In mid-1960s, Shanghai Foreign Language College established a training program for studying-aboard candidates, and, with the help from his friend Qian Weifan, Sheng Shuren taught English there. The hope was, if he continued to teach and make himself essential, perhaps the college would offer him a permanent job down the road. But before long, the Cultural Revolution came, the training program was scrapped. During the Cultural Revolution, Sheng Shuren was largely spared the fresh assault on the educated class that reached a new, vicious peak, thanks to the fact that he had already been ostracized from society, without registration, jobless, and reporting to no particular work unit. One summer though when I was on vacation at home, said Mr. Sheng, my brother disappeared all of a sudden one day. His eldest son and I looked for him for three or four days and couldn’t find him. Finally, we found him in a little hostel occupied by a faction of Shanghai’s “revolutionary rebels” who had detained him at the black market and kept him for twenty or thirty days before letting him go. An old woman with bound feet told on him, he later told me. In Shanghai at the time, said Mr. Sheng, everybody knew the black market and used it, but only people like him, if not cautious, would be picked on. That was how he spent those years, said Mr. Sheng, earning a few yuan stealthily teaching English, getting some help from his two older children after they had grown and had jobs, and, now and then, my mother would tuck a few yuan into his hand. It was a hard time for the rest of us too, said Mr. Sheng, my monthly salary was fifty yuan, my sisters struggled too, all of us had to support our parents, and we had not been able to help him. When he was hit by a car and died, said Mr. Sheng, on his way to or from a hospital visit, no one in my family was in Shanghai. The neighborhood committee sold his furniture—the furniture my parents had left behind—on the spot to whoever took it and for whatever offer and paid for his hospital bills and his cremation before one of his sons made it back to Shanghai.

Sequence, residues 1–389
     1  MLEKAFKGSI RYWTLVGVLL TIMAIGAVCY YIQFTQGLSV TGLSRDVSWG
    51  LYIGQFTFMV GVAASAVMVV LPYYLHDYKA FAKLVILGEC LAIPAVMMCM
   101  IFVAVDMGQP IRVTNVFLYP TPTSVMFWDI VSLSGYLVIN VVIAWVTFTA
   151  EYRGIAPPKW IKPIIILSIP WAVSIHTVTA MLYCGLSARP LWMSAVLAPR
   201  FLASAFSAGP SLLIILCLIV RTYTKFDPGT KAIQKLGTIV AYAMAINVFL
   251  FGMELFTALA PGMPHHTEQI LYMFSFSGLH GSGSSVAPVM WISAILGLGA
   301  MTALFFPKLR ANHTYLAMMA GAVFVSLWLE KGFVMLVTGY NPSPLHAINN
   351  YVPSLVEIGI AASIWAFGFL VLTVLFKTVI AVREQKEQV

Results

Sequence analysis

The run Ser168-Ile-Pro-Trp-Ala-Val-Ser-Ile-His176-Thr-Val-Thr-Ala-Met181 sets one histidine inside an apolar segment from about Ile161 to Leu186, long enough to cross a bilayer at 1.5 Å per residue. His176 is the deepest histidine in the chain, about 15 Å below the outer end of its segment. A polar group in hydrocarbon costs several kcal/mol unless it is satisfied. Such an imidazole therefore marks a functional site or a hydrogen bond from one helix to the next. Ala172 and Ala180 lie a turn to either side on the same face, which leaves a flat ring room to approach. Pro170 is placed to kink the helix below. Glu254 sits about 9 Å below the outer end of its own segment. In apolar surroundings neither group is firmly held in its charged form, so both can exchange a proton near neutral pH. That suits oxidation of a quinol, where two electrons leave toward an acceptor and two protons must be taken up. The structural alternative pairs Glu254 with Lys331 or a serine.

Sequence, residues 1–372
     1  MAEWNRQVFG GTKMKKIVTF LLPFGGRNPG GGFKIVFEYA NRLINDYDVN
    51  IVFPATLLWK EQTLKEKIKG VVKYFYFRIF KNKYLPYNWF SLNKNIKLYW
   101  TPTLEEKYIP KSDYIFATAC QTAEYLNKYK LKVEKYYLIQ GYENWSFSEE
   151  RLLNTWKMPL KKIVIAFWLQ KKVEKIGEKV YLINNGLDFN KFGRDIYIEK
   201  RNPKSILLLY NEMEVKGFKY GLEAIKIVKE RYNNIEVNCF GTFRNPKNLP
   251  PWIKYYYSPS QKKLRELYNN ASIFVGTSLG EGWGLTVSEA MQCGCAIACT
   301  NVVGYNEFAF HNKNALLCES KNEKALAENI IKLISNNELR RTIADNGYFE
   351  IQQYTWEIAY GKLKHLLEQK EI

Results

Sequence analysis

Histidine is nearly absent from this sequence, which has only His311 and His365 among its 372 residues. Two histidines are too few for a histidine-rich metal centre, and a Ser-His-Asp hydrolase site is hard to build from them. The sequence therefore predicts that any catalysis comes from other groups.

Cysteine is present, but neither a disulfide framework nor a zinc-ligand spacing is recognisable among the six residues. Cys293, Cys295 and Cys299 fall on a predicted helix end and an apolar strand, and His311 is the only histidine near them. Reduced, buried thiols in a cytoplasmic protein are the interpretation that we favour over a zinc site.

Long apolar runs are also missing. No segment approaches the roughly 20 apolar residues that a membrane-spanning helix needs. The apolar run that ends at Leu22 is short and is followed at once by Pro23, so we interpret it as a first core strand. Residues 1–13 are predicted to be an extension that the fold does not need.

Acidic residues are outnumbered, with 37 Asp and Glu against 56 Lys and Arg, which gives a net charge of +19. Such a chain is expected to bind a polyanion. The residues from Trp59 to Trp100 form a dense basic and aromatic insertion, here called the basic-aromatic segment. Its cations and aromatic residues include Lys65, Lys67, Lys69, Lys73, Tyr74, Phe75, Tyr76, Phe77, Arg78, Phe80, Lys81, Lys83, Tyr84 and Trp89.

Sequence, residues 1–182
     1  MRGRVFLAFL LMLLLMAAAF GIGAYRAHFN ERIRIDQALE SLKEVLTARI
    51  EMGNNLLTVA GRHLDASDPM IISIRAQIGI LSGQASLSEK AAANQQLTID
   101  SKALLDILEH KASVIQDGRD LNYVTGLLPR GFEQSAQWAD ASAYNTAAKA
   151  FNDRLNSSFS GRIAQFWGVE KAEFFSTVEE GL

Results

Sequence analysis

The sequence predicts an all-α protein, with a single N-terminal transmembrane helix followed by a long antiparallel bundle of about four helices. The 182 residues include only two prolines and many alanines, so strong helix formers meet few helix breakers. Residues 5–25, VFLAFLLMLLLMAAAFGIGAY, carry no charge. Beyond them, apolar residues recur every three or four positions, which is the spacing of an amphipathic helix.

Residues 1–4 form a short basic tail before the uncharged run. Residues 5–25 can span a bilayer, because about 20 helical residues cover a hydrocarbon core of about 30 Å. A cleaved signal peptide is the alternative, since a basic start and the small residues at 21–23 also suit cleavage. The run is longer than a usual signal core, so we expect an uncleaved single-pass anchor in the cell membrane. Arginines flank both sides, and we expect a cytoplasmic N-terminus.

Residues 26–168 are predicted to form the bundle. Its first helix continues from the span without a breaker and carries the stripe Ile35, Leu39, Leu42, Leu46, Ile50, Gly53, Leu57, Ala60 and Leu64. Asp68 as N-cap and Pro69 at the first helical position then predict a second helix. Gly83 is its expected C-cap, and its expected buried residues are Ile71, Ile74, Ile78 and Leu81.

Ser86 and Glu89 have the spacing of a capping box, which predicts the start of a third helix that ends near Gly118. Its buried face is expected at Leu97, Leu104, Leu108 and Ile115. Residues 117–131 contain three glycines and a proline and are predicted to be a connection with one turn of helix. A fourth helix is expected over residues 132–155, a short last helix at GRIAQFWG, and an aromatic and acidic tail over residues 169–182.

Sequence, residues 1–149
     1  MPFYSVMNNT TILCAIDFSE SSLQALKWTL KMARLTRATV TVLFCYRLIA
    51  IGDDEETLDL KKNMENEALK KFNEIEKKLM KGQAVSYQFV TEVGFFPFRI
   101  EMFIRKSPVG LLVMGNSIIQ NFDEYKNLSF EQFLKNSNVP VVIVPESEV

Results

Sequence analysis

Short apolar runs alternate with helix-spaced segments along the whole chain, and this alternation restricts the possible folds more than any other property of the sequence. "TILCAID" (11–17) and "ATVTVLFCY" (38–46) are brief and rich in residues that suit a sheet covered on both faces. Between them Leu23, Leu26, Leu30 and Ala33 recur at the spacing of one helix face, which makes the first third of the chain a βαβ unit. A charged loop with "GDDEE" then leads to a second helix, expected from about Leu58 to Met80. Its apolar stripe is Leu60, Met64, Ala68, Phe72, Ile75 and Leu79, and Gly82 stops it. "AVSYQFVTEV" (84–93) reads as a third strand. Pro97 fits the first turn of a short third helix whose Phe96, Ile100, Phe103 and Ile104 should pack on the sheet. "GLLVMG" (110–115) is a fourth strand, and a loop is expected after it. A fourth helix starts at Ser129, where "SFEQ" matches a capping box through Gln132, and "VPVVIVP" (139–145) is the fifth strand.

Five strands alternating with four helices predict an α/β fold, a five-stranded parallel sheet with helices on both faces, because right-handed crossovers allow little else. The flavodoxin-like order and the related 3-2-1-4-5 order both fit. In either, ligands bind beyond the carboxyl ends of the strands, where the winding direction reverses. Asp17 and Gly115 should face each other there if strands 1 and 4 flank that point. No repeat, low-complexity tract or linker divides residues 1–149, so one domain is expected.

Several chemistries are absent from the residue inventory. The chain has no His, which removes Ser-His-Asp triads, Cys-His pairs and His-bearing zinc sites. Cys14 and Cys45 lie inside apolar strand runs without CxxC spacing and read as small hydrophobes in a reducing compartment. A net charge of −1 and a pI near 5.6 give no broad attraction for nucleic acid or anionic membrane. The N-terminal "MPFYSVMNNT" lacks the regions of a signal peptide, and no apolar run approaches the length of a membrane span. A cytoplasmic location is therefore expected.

Have you read Rabindranath Tagore? Mr. Sheng asked me. I said I know the name, I might have read a few pages of Stray Birds in college, but I have forgotten it all. My brother became the untouchable, said Mr. Sheng, when he came back from Beijing. Do you see?
In the same sentence Uncle Erning mentioned Sheng Shuren’s name, he also named the charge against him: Obscenity against women. It was the first question I asked Erjia when he said he knew Sheng Shuren. “Ah!” Erjia’s voice leaped out of tune to a shrill. “In Xushui, it was a mayhem of people working day and night those days, and Erning said Sheng Shuren had to pee badly, so he ran to the edge of the field to relieve himself. When he did so, a woman saw him and made a scene of it. That was that! That was how he committed ‘obscenity against women!’” Erjia recoiled in pain and protest. “Erning said when they charged him with obscenity against women, the very woman who saw him laughed out loud! How did that bear out the charge? Erning said ‘An insult to common sense! Impossible to reason with them! Yet they can arrest you anytime they want, and you can do nothing but swallow it!'”
Uncle Erning, of course, was raging about not just Sheng Shuren’s case, but also his own.
I thought about the word “shameful”. Shame, it seems, has its own life regardless of its cause and whether there is justice to it. It lived with him like a shadow and lives on long after he was gone. Even Erjia would unconsciously use a word like that.